Antonio in Merchant of Venice: Character Traits, Analysis & Quotes
Shakespeare loves a good bromance. In this lesson, we will take a look at Antonio, the wealthy title character from the comedy The Merchant of Venice.
Why is Antonio Sad?
In Act 1, Scene 1, actually the first lines of The Merchant of Venice, Antonio wonders why he's so depressed.
In sooth, I know not why I am so sad:
It wearies me; you say it wearies you;
Antonio is a wealthy merchant. But most of his money is invested in his ships at sea. Even though his wealth may be at risk, he's not worried about his finances. So what else could be bothering him to the point where his buddies are concerned about his depression?
Could it be that Antonio is in love? A better question would be: could it be that Antonio is in love with his best friend Bassanio, who is trying to marry Portia? Shakespeare has a weakness for bromances. We've seen it before with Romeo and Mercutio in Romeo and Juliet, Hamlet and Horatio in Hamlet and Valentine and Proteus in The Two Gentleman of Verona.
To the Death
We've seen many male Shakespearian characters truly go the distance for their best friends, many of whom were even willing to sacrifice their lives. Antonio is no different. He is loyal and kind and would do anything for Bassanio. And Bassanio needs his financial help in order to marry Portia. Although it seems Antonio will miss his friend if he does get married, he is selfless and wants to help his best buddy find happiness.
But Antonio's money is wrapped up at sea. So he goes to Shylock for a loan, and trust me, there is no love lost between these two. In fact, they hate each other. Yes, Antonio is a very generous man who is willing to swallow his pride and ask Shylock for a loan. But Antonio is not perfect; he's actually a bit of an anti-Semite.
Antonio detests Shylock because he thinks he's being greedy when he charges high interest on his loans. In the past, Antonio has even given his Christian pals interest free loans just so Shylock's business would suffer.
I am as like to call thee so again,
To spit on thee again, to spurn thee too.
If thou wilt lend this money, lend it not
As to thy friends- for when did friendship take
A breed for barren metal of his friend?
A Pound of Flesh
Even though Shylock hates Antonio, he agrees to the loan. But he doesn't want interest in return. Instead, he wants Antonio to put up a pound of his flesh as collateral. And once again, because Antonio loves his best friend and because he is generous; he is willing to risk his life even though his money is not 100% secure because it's floating out at sea.
It is clear that Antonio is literally willing to do anything for Bassanio.
I pray you, good Bassanio, let me know it;
And if it stand, as you yourself still do,
Within the eye of honour, be assur'd
My purse, my person, my extremest means,
Lie all unlock'd to your occasions.
Please Watch Me Suffer
In Act 3, we learn that none of Antonio's ships have returned to port. He cannot repay Shylock's bond with money, so he must give up his life. Meanwhile, Bassanio and the wealthy Portia have just been married.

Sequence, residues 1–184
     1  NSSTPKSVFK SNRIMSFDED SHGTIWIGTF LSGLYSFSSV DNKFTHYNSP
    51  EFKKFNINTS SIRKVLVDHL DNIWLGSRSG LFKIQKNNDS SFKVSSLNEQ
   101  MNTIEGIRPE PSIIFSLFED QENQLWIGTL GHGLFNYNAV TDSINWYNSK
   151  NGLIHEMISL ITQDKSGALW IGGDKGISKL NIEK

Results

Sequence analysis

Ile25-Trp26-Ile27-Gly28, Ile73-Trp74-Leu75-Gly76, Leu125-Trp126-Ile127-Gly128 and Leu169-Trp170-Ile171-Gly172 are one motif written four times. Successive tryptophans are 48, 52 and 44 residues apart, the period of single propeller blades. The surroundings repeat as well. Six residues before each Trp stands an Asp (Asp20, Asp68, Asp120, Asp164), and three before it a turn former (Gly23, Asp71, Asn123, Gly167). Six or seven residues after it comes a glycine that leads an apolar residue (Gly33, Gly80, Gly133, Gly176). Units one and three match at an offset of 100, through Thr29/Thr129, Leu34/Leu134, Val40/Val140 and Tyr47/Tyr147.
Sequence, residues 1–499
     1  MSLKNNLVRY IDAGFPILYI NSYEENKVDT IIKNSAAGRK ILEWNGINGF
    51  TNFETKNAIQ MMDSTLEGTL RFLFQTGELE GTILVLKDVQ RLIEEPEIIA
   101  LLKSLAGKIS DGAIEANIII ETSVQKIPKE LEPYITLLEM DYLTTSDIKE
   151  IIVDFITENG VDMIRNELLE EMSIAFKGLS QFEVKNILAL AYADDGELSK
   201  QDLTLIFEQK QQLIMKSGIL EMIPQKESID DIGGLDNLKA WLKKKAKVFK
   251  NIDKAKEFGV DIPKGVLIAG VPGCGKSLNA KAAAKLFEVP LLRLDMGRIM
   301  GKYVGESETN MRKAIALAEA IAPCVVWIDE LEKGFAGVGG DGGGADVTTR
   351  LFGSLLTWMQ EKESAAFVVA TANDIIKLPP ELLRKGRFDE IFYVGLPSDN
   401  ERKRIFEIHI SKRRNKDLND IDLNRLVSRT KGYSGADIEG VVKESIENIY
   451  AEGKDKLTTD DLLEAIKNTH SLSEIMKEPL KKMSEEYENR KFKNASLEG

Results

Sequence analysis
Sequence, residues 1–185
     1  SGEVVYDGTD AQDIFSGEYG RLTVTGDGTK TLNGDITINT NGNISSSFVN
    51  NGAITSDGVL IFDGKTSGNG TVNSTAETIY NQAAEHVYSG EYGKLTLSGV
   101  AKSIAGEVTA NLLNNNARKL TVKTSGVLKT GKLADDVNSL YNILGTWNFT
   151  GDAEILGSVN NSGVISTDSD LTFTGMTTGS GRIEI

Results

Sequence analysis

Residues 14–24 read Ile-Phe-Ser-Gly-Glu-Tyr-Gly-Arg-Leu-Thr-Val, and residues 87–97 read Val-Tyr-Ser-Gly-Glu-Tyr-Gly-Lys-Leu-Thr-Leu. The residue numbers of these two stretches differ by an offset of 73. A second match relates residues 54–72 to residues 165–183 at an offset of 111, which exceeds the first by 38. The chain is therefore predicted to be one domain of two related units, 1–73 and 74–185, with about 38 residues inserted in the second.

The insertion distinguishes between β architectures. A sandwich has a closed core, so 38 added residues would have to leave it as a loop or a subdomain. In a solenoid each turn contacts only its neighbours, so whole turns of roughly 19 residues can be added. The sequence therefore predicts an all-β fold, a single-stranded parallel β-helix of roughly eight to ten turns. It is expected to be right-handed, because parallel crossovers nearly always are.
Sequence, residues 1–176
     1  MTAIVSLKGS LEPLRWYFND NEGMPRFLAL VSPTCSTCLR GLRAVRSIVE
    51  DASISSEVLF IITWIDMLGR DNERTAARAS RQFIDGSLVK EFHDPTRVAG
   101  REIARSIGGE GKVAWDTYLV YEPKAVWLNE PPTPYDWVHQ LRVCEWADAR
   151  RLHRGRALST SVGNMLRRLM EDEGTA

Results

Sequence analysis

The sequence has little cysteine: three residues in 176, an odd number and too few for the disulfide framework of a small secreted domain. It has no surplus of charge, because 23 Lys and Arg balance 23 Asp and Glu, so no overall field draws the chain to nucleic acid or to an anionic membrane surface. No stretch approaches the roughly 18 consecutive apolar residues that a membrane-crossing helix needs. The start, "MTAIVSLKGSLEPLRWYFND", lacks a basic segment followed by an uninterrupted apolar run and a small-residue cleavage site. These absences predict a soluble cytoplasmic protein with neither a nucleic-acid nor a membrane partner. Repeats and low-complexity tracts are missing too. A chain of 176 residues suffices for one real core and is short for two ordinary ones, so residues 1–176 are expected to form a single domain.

Antonio sends a letter to Bassanio. He wants to make sure that his friend knows that he has no regrets. Antonio accepts his fate. However, he wishes to see Bassanio before he dies, even though it's his wedding night.
Essentially, Antonio wants to show his friend what he is willing to do for him.
Sweet Bassanio, my ships have all
miscarried, my creditors grow cruel, my estate is
very low, my bond to the Jew is forfeit; and since
in paying it, it is impossible I should live, all
debts are cleared between you and I, if I might but
see you at my death. Notwithstanding, use your
pleasure: if your love do not persuade you to come,
let not my letter.
Wedding night, shmedding night. Bassanio receives the letter and leaves his bride to try and save his friend.
Portia to the Rescue
In the end, it is Portia that saves the day by disguising herself as a lawyer and convincing the court to nullify Shylock's bond. But before she saves Antonio's life, he is more than willing to accept death.
Here, he tells Bassanio not to grieve for him.
Give me your hand, Bassanio: fare you well!
Grieve not that I am fallen to this for you;
For herein Fortune shows herself more kind
Than is her custom: it is still her use
To let the wretched man outlive his wealth,
Portia does get to see where her husband's loyalties lie when Bassanio admits that he would rather trade his own life or the life of his wife for Antonio's (while Portia is in disguise). Then, once again, she witnesses her husband's disloyalty when Bassanio hands over his wedding ring to the disguised Portia in return for her services in court.
Later, when Portia confronts Bassanio about the missing ring, she tells him that perhaps she will seek out this lawyer and sleep with him. She feels that if Bassanio can break their marriage vows, then she should be able to do so as well. But because Antonio is a selfless guy, he offers up his soul in a pledge that Bassanio will remain faithful to Portia forever.
I once did lend my body for his wealth;
Which, but for him that had your husband's ring,
Had quite miscarried: I dare be bound again,
My soul upon the forfeit, that your lord
Will never more break faith advisedly.
Shakespeare loves a good bromance. Antonio and Bassanio are truly best buddies. Antonio may or may not have a romantic interest in his pal, but he knows that the two will only ever be friends. Antonio is ultimately generous, selfless and brave. He is willing to sacrifice his life so that his friend can find happiness with Portia.
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